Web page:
Ever since the Millennium Message, Putin's first presidential speech on January 1, 2000, the Kremlin's political architects have cultivated a narrative of Russia as a unique nation on a righteous path toward restored greatness. The process of myth-making is intertwined with the policies involved in remaking Russia as a global power, as the regime builds legitimacy through careful messaging on Russian nationhood, history, morality, and geopolitical strength, using law and policy to embed those concepts as institutions and persuade citizens that Russia needs autocracy to survive. This talk traces the Kremlin's cooptation of culture and history to tell a certain story about Russia and its citizens, and examines public opinion polls to assess the degree to which the strategy is working, as well as street protests and radical performance art that attempts to claim spaces of agency for citizens who don't fit into the mythic mold.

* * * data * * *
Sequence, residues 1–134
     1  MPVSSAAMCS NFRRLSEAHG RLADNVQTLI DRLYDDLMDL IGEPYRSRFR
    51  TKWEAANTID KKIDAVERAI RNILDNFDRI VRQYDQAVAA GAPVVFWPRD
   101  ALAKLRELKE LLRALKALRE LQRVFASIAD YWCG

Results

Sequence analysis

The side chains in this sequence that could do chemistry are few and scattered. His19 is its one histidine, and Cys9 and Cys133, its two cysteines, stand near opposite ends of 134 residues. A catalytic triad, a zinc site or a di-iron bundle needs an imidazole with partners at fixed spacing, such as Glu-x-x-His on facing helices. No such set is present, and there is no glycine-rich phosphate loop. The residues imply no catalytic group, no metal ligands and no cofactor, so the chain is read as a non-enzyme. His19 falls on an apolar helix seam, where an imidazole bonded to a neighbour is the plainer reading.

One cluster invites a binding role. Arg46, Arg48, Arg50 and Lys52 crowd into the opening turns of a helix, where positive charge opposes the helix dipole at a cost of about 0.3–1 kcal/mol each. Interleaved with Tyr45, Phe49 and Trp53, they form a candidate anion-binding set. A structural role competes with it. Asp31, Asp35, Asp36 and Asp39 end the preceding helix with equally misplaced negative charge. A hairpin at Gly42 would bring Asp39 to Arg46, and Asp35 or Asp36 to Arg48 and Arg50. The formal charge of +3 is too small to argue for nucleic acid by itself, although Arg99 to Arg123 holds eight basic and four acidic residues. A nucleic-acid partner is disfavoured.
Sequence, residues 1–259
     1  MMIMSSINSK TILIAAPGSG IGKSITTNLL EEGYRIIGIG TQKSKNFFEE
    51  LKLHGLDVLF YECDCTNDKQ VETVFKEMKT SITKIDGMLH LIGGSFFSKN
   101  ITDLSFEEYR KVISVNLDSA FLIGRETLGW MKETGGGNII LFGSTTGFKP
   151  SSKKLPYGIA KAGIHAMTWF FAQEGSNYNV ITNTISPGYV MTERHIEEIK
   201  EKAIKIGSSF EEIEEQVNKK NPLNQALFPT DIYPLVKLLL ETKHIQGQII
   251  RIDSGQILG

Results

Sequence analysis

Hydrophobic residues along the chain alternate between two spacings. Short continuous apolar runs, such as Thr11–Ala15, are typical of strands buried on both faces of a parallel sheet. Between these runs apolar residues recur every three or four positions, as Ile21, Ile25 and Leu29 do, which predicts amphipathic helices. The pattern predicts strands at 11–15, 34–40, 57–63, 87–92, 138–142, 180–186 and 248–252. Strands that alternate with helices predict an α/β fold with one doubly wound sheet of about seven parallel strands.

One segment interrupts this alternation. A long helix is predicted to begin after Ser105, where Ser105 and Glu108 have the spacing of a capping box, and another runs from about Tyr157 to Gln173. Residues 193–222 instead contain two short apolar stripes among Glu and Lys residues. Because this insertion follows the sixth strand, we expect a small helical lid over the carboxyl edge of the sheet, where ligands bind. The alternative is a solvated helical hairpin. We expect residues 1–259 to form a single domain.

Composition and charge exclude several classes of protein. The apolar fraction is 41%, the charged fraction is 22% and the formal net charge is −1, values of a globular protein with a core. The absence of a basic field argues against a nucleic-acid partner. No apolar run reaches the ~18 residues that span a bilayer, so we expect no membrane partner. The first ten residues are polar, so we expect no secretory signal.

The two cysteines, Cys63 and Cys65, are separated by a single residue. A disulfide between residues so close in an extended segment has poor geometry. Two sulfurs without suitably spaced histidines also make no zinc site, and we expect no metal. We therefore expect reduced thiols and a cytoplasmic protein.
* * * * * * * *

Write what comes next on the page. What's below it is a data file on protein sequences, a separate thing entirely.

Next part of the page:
Alice E.M. Underwood is a Pre-Doctoral Fellow at the Center on Democracy, Development, and the Rule of Law and a Ph.D. Candidate in the Department of Comparative Literature at Stanford University. She is a Weiland Fellow at Stanford and a former Title VIII Fellow at the Kennan Institute at the Woodrow Wilson International Center for Scholars, and has published with Intersection, The Russia File, Russian Life, and Harvard International Review.